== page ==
FIG. 1 is a schematic diagram of a web-fed rotary gravure press;
FIGS. 2A to 2C are perspective views, each showing a plate surface of a gravure printing plate;
FIG. 3 shows the relation between density of an original and density of a printed matter in gravure printing;
FIG. 4 shows the relations between a plate surface and a print surface in a light portion, middle portions and a shadow portion;
FIGS. 5 and 6 are perspective views showing plate surfaces of conventional gravure printing plates;
FIG. 7 shows directions of ink flow in the conventional gravure printing plate shown in FIG. 6;
FIGS. 8A and 8B show state of transfer of ink to an object to be printed;
FIG. 9 is a specific perspective view showing a plate surface of a gravure printing plate in accordance with a first embodiment of the present invention;
FIG. 10 is a schematic diagram of dot patterns formed by the gravure printing plate shown in FIG. 9;
FIG. 11 is a sectional view to explain the side etching;
FIGS. 12 to 14 are enlarged views of main portions of the dot patterns formed by inverted halftone gravure;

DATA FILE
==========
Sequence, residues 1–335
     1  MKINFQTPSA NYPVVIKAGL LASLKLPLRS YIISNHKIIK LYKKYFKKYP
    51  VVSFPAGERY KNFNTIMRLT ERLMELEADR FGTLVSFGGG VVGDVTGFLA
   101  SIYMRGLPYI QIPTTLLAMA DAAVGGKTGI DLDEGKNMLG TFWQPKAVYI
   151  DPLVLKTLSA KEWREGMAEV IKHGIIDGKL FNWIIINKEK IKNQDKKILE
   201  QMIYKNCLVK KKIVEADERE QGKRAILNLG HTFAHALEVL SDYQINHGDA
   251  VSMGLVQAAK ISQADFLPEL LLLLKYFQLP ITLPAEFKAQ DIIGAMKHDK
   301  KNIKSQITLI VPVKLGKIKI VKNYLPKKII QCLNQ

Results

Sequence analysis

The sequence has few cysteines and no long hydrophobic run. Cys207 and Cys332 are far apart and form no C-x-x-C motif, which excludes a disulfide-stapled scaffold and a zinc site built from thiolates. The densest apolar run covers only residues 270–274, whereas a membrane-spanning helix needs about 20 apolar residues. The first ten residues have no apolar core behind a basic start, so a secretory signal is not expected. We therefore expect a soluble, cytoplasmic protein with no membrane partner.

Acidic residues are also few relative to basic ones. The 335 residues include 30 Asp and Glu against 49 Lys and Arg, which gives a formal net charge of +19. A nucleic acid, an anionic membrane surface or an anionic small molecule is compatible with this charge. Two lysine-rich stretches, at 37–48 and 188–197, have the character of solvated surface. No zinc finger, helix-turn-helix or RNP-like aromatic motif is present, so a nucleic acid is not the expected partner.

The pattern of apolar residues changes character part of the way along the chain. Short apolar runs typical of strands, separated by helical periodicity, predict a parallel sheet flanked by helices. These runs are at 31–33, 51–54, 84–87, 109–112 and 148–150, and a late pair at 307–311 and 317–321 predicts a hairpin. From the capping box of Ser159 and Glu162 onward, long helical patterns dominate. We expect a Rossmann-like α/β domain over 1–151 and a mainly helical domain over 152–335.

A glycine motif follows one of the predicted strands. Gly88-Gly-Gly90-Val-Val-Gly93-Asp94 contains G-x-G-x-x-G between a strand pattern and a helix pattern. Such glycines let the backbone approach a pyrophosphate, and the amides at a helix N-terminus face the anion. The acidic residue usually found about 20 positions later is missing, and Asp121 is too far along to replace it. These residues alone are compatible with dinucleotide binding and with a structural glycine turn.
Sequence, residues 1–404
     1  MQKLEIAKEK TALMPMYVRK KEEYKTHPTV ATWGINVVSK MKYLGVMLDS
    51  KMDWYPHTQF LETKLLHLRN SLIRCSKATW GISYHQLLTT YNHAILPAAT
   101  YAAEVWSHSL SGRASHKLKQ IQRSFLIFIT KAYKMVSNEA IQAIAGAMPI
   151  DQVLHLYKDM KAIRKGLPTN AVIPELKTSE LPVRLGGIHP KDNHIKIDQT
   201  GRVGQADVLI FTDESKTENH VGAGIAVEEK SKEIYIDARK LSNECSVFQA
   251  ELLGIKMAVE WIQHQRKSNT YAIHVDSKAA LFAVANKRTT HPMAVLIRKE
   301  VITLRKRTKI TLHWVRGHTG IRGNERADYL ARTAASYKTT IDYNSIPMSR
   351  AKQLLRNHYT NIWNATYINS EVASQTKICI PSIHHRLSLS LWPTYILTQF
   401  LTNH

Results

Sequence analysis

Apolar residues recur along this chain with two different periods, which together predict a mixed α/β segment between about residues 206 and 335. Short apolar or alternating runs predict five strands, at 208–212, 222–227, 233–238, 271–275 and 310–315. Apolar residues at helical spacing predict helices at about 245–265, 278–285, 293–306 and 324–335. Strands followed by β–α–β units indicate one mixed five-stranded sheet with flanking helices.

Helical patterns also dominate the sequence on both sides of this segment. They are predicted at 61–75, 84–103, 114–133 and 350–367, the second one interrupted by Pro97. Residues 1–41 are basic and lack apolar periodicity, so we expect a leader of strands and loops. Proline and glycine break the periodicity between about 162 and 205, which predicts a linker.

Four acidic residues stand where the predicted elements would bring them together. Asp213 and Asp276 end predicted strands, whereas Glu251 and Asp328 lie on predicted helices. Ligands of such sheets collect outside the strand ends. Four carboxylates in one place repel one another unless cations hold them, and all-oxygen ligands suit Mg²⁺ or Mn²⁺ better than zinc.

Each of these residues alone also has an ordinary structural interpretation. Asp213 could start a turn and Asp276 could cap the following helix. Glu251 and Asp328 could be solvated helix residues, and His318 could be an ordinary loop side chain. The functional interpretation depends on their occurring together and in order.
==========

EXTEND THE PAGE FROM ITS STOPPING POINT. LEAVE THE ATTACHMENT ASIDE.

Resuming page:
FIG. 15 is a schematic diagram of dot patterns in accordance with a second embodiment of the present invention; and
FIGS. 16 to 18 are specific perspective views of gravure printing plates showing third and fourth embodiments of the present invention.
Embodiments of the present invention will be described in the following with reference to the figures. FIG. 9 is a perspective view schematically showing a plate surface of a shadow portion of a gravure printing plate in accordance with a first embodiment of the invention, and FIG. 10 is a schematic view of a dot pattern (gravure contact screen) thereof.
Referring to FIG. 9, in the gravure printing plate 1 of the present invention, one cell group G1 is formed by 9 cells C in total, i.e., three cells in a vertical direction and three cells in a lateral direction, each cell C (corresponding to the dot D in FIG. 10) having square shape divided by walls 2 (2d in FIG. 10). Adjacent cell groups G1 are arranged separated from each other in the vertical and the lateral directions by one cell C2.